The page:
Where Will Google Go Next?

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With shares of Google (NASDAQ:GOOG) trading around $528, is GOOG an OUTPERFORM, WAIT AND SEE, or STAY AWAY? Let’s analyze the stock with the relevant sections of our CHEAT SHEET investing framework:

T = Trends for a Stock’s Movement

Google is a global technology company focused on improving the ways people engage with information. The business is based on the following areas: search, advertising, operating systems and platforms, and enterprise. The company generates revenue primarily by delivering online advertising. Google is a search giant with most of the market share, largely because of its execution and delivery. An increasing number of consumers and companies worldwide are coming online, which will surely increase the amount of eyes on the company’s ads and, in turn, advertising revenue. At this rate, look for Google to remain on top of the Internet world.

Google is the undeniable king of online and mobile advertising, and the company wants to extend its ad domination by proving the effectiveness of advertising online to brick and mortar retailers. It’s enlisting data companies like Acxiom (NASDAQ:ACXM) in order to do so, according to a report from The Wall Street Journal. The report cites anonymous sources saying that Google is working on a pilot program that matches data on physical purchases from a retailer’s computer system to cookies tracking whether or not a consumer has clicked on a banner ad online. If the data matches up, it can prove that someone who clicked on an ad was interested enough to go make a purchase in a physical store, which is highly valuable information for Google to show to potential advertisers. While it can be easy to track when people click on ads, their behavior in a store is much more difficult to monitor. Advertisers are still spending more money to show commercials on television than they are to place ads online, because after a user clicks on an ad it’s difficult to tell if they ever journey to a physical store and make a purchase. This makes companies more cautious about pouring tons of money into online ad campaigns, particularly for brick and mortar retailers.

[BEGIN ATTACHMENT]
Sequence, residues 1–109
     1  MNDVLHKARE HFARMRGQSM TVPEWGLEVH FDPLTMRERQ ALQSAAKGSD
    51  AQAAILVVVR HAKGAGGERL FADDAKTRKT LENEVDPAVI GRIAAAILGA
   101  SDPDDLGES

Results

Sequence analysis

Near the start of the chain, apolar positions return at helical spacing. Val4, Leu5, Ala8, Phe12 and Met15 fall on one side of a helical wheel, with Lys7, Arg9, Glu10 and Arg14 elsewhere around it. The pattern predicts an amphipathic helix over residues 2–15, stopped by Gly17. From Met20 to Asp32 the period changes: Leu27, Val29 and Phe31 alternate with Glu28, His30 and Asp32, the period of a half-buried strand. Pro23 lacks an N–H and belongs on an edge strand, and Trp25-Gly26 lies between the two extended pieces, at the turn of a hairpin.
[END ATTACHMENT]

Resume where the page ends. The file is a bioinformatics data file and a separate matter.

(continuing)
Companies like Acxiom are trying to change that by striving to reach what advertising executives refer to as the ‘Holy Grail’ of online advertising — matching the consumer who clicked on an ad to a consumer who went to the store and made a purchase. According to an article on the company from The Wall Street Journal, Acxiom created a strategy in which it takes a group of consumers an advertiser is looking to target, shows most of the group the online ads but leaves out a control group, then compares who goes to the store and makes a purchase — the people who saw the ads or the people that didn’t.

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